Oriental Gardens 2009 (Page Two)
Did You Know? - The Huntington's superb botanical gardens cover 120 acres (485,624 m?) and the theme gardens contain rare plants from around the world. The gardens are divided into more than a dozen themes, including the Australian Garden, Camellia Collection, Children's Garden, Desert Garden Conservatory, Conservatory for Botanical Science, Desert Garden, Herb Garden, Japanese Garden, Lily Pond, North Vista, Palm Garden, Rose garden, Shakespeare garden, Subtropical and Jungle Garden and a Chinese Garden (Liu Fang Yuan ??? or the Garden of Flowing Fragrance) now open in the northern end of the property.
The balance of positive and negative forces, Yin & Yang, are ever present here. Obvious in the skillful blending of traditional Japanese landscaping with modern Occidental architecture, less so in the way the Japanese concept of "WA"or harmony is used to unite the desires of the human spirit with our more mundane requirements?the exquisite beauty of a Japanese garden with the need for an abundant supply of fresh water.
The bridge is for decoration only
The Tea Plant provides the seeds for most dark teas
Did you know? - Camellia sinensis, the tea plant, is the species of plant whose leaves and leaf buds are used to produce tea. It is of the genus Camellia (Chinese: ??; pinyin: Ch?hu?), a genus of flowering plants in the family Theaceae. White tea, green tea, oolong, pu-erh tea and black tea are all harvested from this species, but are processed differently to attain different levels of oxidation. Kukicha (twig tea) is also harvested from Camellia sinensis, but uses twigs and stems rather than leaves.
Did You Know? - The Chinese (Scholar's) Garden is a place for solitary or social contemplation of nature. To be considered authentic, a garden must be built and planned around seventeen essential elements:
1) proximity to the home;
4) small individual sections;
6) various types of spatial connections;
13) jie jing (borrowed scenery);
15) incense burners;
17) use of feng shui for choosing site.
Chinese gardens were created in the same way as a combination of landscape and paintings together with poems - this was the so-called "poetic garden." The design of Chinese gardens was to provide a spiritual utopia for one to connect with nature, to come back to one's inner heart, to come back to ancient idealism.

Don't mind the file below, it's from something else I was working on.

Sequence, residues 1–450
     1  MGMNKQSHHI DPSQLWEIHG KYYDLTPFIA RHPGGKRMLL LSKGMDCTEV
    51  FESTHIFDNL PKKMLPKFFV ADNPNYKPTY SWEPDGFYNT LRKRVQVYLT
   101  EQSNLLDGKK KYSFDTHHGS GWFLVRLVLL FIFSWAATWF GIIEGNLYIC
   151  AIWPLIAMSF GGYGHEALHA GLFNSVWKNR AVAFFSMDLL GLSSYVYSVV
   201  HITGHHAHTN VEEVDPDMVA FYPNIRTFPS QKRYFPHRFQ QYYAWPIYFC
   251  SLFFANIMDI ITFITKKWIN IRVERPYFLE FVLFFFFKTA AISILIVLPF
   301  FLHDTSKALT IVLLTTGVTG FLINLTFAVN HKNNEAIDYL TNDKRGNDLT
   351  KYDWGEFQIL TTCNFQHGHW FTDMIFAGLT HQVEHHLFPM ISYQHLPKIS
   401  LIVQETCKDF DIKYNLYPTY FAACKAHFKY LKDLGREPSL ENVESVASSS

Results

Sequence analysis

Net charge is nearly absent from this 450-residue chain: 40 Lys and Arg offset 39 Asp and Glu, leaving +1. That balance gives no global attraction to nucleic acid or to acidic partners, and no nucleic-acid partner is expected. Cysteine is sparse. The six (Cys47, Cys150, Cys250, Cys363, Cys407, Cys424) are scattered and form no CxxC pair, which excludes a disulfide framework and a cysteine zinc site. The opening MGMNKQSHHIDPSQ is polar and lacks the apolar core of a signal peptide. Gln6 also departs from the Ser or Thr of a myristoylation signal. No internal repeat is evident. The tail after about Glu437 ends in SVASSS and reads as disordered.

Chinese gardens are a spiritual shelter for men, a place they could be far away from their real social lives, and close to the ancient way of life, their true selves, and nature. This was an escape from the frustration and disappointment of the political problems in China. They used plants as symbols. Bamboo was used in every traditional Chinese garden.
This is because bamboo represents a strong but resilient character. Often pine is used to represent longevity, persistence, tenacity and dignity. The lotus is used to symbolize purity. The flowering plum is one of the most important aspects of a Chinese garden, as it represents renewal and strength of will. Flowering peaches are grown for spring color, and sweet olive as well. The chrysanthemum is use to symbolize splendor, luster and "the courage to make sacrifices for a natural life". Peonies symbolize wealth and banana trees are used simply for the sound they make in the breeze.
At the entrance to the Chinese Garden, one is supposed to stop and relax before proceeding into the garden
originally the gardens were for scholars to rest and relax
The tiles on the roof are designed to allow water to fall off at the same rate making waterfalls
Did you know? - Chinese gardens usually feature a central pond and several offshooting streams. The softness of water offsets the solidity of the rocks, while also acting to reflect the constantly changing sky above. Goldfish, carp, and mandarin ducks are three of the most commonly raised fauna. The goal of the design is to make the scenery beautiful, the surrounding is quiet and cool, and the landscape wonderful. Temples, resthouses and short bridges are common features
The walkway stones are "raised" and provide the walker a bit of relaxation
The rocks stimulate the feet while not being sharp
Peaceful lakes surround the gardens
The flowers are kept around throughout their life cycle... even when they are ugly
Did You Know? - Chinese gardens usually feature a central pond and several offshooting streams. The softness of water offsets the solidity of the rocks, while also acting to reflect the constantly changing sky above. Goldfish, carp, and mandarin ducks are three of the most commonly raised fauna. The goal of the design is to make the scenery beautiful, the surrounding is quiet and cool, and the landscape wonderful. Temples, resthouses and short bridges are common features.
Rocks balanced on the small end provide a dramatic action setting
Did You Know? - It is a Chinese belief that the lion is the animal representing authority and fealty. Thus, the cloudy-grained marble stone lions at the gates of the Chinese Garden ? typically Chinese in style ? guarding the main gates of the Garden. They are skillfully sculptured from Taiwan-imported marble stone.